Sri Lanka LNG moves undermine governance; energy security: Bellwether

ECONOMYNEXT – Sri lanka’s rulers are once again blocking coal, the cheapest source of electricity, driven by powerful lobbies outside established policy, without any evidence-based policy-making to change it as demanded by good governance.

Sri Lanka’s power sector has been dogged by bad political decision-making that has pushed up costs and loaded Ceylon Electricity Board with expensive power plants that are outside the Long-Term Generation Plan. CEB planners from the 1980s advocated coal as a key source of cheap base load power as hydro resources ran out. Religious – both Buddhist and Catholic – and environmental lobbies delayed coal plants.

When planned cheap coal plants are disrupted and delayed, other plants are brought by cabinet decisions outside the generation plan by politicians as emergency ad hoc stop gaps. These plants, ranging from diesel to furnace oil, have been expensive. The cost to the country has been huge. There have been power shortages and cuts, disrupting economic growth and causing people hardship.

Central Bank-financed credit (printed money) used to subsidize energy has repeatedly driven the country into balance of payments crises, causing the rupee to collapse.

Bad governance by high-powered committees

Sri Lanka’s electricity sector is governed by the Sri Lanka Electricity Act of 2009, the Public Utilities Commission Act of 2002 and the Ceylon Electricity Board Act of 1969. Hardly any plant in the CEB has come out of a technical planning process after the original Laxapana cascading plants on the Kelani river. Even the Mahaweli plants – which are cheap – came out of a political decision to accelerate multi-purpose reservoirs.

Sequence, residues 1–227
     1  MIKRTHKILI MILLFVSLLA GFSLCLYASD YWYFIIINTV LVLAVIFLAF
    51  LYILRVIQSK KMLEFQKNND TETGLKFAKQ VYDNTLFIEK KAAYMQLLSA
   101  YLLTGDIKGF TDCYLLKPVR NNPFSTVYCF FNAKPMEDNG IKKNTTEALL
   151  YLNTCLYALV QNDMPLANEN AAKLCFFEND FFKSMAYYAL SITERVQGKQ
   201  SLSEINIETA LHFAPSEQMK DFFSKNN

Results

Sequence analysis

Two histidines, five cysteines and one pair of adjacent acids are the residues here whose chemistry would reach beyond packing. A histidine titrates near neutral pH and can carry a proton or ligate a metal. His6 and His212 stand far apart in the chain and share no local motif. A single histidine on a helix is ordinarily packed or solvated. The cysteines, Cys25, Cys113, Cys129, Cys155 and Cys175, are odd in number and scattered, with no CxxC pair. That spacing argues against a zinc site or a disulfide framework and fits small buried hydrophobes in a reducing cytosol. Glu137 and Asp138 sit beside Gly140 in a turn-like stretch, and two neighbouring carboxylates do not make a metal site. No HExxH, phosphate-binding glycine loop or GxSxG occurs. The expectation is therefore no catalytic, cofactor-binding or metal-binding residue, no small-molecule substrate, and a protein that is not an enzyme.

After coal plants were blocked by President Ranasinghe Premadasa, high-powered ‘energy supply committees’ pushed in IPP (independent power producer) plants that could be built quickly in the 1990s through a cabinet decision outside the generation plan.

Prime Minister Ranil Wickremesinghe blocked the Puttalam coal plants that were to have been built with Japanese aid. Chinese plants were built under the direction of President Mahinda Rajapaksa. While the Chinese plants have helped bring down the CEB’s operating costs and provide base load power during droughts, there are serious questions about the level of technology and whether better Japanese technology could have reduced pollution more.

The plants coming from high-powered energy committees included diesel-powered reciprocal engines and combined cycle plants, which pushed up costs to very high levels. These costs were not allowed to be recovered through political decision-making in pricing, leading to credit financed losses and balance of payment crises.





The Kerawalapitiya Lanka Transformers group plant – a big and costly IPP – was built without tender. It was also built without a guaranteed heat rate, may be a first in the electricity sector in the entire world.

There were a handful of good IPP plants. The 2001 United National Party-led administration called for competitive bids and plants like the ACE Embiliptiya were built.

When CEB planners tried to extend the ACE Plant as a deliberate planning strategy in a draft document after its contract expired (by some process that is not yet clear), it was taken out of the final generation plan. Now it has been reconnected at the same price by cabinet decision. There was a chance to connect it at a lower capacity charge earlier without political interference.

The Colombo Power barge mounted combine cycle plant built by Japanese investors has now been bought by the CEB itself after its IPP contract expired.

. LNG Lobby

The latest push to block coal plants has come from the liquefied natural gas (LNG) lobby. Very powerful business interests are behind this. They have reached out to the highest in the land. President Maithripala Sirisena himself has now requested India to stop the planned 2×250 MW coal plant in Sampur, Trincomalee, and make it into LNG. This move comes just before international tenders are to be called for the machines.

The Indian Trinco plant has been dogged with problems. It is supposed to be a joint venture with the state-run CEB and India’s National Thermal Power Corporation, which will sell power as an IPP to the CEB. A powerful economic policy committee has also indicated to CEB planners that there will be no more coal plants, according to sources in the know.

The CEB’s generation plan has LNG – but only after at least two other coal plants in Trinco are built. One by India – a joint venture IPP – and the second, a CEB-owned plant with Japanese aid. This is expected to be a very clean coal plant. Now it looks as if both plants are out.